"On The Move!” is Operation UNITE’s newest drug education and prevention initiative. The five-component program is provided free to schools targeting students in 7th and 10th grades.
"What Operation UNITE has done is so very unique, is we are the only organization in the United States that has successfully brought together law enforcement, treatment and education all to the table working together," said Nancy Hale, Operation UNITE president.
The program, as a whole, is designed to educate children about the dangers of making bad choices from using alcohol or other drugs.
Dan Smoot, prevention director said, "What we see are the kids just absorb it. They know a lot about drugs but there is a lot of stuff they are told about drugs that just aren't true."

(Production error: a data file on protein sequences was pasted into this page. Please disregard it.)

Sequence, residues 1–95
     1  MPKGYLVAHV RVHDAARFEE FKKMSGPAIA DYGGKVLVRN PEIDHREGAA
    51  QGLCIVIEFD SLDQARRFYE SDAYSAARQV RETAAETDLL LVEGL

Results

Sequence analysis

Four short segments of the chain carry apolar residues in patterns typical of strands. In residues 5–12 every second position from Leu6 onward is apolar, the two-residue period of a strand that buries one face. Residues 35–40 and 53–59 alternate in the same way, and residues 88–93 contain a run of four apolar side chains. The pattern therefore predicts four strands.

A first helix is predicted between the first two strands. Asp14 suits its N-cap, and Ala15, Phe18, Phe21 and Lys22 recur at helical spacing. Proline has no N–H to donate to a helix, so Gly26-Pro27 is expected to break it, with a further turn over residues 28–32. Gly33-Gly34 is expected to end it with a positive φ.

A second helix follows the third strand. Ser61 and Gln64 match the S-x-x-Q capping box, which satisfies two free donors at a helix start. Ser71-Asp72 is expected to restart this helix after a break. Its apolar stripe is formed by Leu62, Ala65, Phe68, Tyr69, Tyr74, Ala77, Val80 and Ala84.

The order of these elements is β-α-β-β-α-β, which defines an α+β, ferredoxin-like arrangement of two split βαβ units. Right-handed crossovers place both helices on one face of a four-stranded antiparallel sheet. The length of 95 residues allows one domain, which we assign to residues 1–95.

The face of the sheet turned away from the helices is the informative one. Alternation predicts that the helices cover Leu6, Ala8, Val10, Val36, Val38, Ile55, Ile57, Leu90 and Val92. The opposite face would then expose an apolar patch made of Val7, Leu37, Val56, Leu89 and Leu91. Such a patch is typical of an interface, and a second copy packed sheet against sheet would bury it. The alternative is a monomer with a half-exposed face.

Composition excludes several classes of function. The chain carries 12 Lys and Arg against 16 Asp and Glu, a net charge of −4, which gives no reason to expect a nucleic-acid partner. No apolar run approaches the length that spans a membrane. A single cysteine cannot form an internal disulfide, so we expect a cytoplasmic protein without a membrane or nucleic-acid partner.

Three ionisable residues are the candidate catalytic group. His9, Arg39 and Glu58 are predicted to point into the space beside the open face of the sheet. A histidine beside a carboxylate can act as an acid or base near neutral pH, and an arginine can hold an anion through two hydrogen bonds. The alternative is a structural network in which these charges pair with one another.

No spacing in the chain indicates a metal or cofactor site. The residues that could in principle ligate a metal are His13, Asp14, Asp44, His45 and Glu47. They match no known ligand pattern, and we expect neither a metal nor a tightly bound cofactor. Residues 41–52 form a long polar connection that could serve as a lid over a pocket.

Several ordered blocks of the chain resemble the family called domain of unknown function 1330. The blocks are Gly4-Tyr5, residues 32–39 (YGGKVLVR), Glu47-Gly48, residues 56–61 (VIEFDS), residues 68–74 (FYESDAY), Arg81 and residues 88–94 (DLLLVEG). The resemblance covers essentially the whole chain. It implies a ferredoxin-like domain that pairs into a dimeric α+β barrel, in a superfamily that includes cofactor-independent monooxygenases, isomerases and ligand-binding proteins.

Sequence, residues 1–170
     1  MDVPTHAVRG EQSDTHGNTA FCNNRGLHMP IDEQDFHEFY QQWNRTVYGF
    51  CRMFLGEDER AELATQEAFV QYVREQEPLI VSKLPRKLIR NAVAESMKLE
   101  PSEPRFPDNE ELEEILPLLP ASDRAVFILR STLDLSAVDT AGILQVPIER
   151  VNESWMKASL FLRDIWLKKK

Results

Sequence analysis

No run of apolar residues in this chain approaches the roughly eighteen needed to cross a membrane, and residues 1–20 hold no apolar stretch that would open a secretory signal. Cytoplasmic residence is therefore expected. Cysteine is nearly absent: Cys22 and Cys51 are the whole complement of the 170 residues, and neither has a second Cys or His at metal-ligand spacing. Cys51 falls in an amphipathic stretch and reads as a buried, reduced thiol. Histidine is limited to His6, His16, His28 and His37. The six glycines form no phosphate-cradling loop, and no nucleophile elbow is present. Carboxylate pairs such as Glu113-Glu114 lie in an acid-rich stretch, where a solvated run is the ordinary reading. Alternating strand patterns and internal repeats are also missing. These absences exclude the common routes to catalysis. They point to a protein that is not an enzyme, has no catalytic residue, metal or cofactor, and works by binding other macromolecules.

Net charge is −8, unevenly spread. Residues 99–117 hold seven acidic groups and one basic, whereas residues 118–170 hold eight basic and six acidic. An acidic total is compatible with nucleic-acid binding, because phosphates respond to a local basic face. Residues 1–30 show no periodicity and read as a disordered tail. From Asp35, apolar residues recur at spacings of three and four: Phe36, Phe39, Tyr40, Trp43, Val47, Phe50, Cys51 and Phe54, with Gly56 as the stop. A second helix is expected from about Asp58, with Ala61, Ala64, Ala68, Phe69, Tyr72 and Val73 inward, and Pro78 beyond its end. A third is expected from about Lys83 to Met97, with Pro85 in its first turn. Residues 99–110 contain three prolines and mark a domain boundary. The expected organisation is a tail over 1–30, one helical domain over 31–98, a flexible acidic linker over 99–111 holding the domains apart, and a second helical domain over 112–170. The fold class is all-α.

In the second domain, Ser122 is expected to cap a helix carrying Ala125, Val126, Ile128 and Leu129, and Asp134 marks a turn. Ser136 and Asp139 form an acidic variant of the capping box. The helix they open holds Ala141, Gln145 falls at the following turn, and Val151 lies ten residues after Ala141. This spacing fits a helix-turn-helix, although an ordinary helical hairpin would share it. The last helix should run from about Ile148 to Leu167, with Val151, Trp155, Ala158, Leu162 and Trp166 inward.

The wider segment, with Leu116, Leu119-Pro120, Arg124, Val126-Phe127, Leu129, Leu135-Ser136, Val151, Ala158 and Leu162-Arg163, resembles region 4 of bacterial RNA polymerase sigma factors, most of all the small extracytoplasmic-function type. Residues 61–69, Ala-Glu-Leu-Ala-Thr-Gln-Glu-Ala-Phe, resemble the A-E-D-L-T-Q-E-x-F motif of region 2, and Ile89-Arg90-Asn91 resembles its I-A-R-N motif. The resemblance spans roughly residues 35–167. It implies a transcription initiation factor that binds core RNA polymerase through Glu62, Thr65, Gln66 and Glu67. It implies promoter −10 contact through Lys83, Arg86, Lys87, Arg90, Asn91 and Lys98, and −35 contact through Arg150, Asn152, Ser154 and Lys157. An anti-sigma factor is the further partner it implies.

One of the components of the program is the simulated impaired driving experience, where students experience first hand the dangers of driving under the influence.
The exercise utilizes a battery-powered go-kart, controlled by a UNITE staff member, who simulates the effects of distraction and impairment from alcohol or drugs.
"We're all working together, we finally realize it's going to take all of us. We have seen in the last three years the decrease in overdose deaths."
Attorney General William Ihlenfled said students anonymously answer questions electronically, providing useful insight.
"Children in Harrison County are answering these questions telling us what they think, what the believe, what they are seeing in their neighborhoods, in their schools and in their county. So we can then take that data, analyze it and determine if we are doing everything we need to do," said Ihlenfled.
Last year alone, "On The Move!” has served more than 6,000 students at 72 schools in 18 counties.
"We want to emphasize with them that West Virginians are proud, West Virginians are hardworking and West Virginians are resilient," said Jo Anne McNemar, Partnerships for Success coordinator.